The study followed 876 heart failure patients with a mean age of 70.3 years for a period of 40 months. During this follow up period, 311 patients died. Researchers compared 11 clinical variables, including age, sex, ischemic etiology of heart failure, left ventricular ejection fraction, New York Heart Association functional class, diabetes, renal function, beta blocker treatment, ace inhibitor treatment, sodium and hemoglobin biomarkers, which are routinely used to stratify heart failure risk against three biomarkers: NT-proBNP from Roche (OTC: RHHBY), high-sensitivity troponin T and Critical Diagnostics’ ST2.

The results from this recent study highlights the enduring clinical utility of ST2 despite being combined with the established and widely accepted cardiac biomarkers, like NTpro BNP, in medical practice. “The best results were obtained for ST2 and high-sensitivity troponin T,” notes Dr. Bayes-Genis, the primary investigator of the study. “Whenever we added NT-proBNP to these other two biomarkers, net reclassification improvement was reduced.”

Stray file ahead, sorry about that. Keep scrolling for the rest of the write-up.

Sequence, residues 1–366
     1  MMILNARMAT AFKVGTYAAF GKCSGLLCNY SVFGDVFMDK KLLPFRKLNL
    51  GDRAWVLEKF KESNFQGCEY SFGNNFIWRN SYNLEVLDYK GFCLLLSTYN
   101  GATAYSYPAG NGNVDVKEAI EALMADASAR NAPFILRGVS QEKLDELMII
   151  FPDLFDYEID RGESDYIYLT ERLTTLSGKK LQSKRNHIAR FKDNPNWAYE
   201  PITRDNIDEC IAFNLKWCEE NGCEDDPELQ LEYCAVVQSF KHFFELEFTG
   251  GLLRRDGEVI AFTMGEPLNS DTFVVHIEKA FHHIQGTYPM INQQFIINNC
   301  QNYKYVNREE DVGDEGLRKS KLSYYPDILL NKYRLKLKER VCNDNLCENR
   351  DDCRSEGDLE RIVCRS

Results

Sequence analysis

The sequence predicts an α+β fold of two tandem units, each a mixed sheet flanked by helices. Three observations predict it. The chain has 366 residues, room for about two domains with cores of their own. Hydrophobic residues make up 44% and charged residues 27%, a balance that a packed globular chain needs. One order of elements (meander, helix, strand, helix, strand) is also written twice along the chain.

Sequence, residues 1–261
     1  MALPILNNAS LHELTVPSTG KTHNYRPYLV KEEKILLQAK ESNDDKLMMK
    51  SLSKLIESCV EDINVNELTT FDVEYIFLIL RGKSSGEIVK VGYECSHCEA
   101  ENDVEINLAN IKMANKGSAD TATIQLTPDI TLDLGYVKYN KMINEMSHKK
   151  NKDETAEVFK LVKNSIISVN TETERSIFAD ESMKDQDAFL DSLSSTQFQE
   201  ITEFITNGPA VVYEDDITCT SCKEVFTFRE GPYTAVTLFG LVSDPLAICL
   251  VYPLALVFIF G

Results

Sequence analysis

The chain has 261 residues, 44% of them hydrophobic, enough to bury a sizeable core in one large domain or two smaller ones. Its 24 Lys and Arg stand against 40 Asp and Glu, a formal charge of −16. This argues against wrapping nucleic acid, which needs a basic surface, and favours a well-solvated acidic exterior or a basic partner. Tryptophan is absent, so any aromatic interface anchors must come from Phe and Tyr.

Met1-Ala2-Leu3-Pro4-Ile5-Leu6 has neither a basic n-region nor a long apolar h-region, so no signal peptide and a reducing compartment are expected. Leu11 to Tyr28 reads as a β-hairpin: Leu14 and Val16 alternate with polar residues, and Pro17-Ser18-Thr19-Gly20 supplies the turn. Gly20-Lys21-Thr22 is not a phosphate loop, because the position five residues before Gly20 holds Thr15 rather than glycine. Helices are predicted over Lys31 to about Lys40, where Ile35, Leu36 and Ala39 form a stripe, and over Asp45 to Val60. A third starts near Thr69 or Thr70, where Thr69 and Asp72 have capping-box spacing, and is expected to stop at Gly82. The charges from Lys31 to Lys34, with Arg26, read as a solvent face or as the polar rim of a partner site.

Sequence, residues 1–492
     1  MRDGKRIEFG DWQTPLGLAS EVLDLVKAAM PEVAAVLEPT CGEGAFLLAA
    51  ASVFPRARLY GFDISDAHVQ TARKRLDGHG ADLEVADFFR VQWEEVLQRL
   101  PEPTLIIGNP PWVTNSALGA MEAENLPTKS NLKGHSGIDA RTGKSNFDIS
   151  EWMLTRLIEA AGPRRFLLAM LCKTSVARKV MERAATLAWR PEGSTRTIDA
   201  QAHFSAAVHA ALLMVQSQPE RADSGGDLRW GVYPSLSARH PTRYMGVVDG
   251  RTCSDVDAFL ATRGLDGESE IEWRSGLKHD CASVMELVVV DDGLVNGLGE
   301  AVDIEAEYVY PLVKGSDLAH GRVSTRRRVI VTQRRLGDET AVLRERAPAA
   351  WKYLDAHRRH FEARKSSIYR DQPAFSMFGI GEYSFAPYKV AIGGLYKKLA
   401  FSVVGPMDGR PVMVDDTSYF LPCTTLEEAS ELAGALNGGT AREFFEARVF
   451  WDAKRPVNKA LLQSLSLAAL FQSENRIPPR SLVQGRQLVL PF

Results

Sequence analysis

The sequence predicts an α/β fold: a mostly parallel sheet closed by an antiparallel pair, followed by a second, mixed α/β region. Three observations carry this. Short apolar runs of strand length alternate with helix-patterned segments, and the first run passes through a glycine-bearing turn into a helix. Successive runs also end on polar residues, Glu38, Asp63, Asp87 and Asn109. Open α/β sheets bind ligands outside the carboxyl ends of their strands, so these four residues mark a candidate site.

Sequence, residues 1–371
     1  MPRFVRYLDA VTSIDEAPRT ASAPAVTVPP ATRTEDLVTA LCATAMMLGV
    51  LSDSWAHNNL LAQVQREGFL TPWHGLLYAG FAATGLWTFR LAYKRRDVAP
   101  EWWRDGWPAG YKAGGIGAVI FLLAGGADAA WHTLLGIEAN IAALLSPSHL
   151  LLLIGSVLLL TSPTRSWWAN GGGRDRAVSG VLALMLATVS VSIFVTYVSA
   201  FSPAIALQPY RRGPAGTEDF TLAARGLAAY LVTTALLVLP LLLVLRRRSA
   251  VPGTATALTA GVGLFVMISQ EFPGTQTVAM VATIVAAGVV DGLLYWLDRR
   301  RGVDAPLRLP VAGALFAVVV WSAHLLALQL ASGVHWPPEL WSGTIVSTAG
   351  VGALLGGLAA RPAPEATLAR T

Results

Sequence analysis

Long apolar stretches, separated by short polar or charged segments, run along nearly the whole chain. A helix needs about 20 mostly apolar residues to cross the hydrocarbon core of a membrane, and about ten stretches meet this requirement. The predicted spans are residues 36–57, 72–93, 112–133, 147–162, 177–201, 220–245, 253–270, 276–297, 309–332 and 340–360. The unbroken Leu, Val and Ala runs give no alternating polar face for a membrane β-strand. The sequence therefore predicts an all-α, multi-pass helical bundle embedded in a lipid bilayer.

Check out the video below.

“We are seeing strong adoption of ST2 by leading cardiologists who understand many of the limitations of utilizing natriuretic peptide markers like BNP and NT-proBNP in their practice,” states David Geliebter, CEO of Critical Diagnostics. “Natriuretic peptide markers certainly have their role in diagnosing heart failure, but fall short in guiding treatment of diseased patients. In study after study, ST2 has consistently demonstrated improved accuracy of patient prognosis over natriuretic peptide markers alone.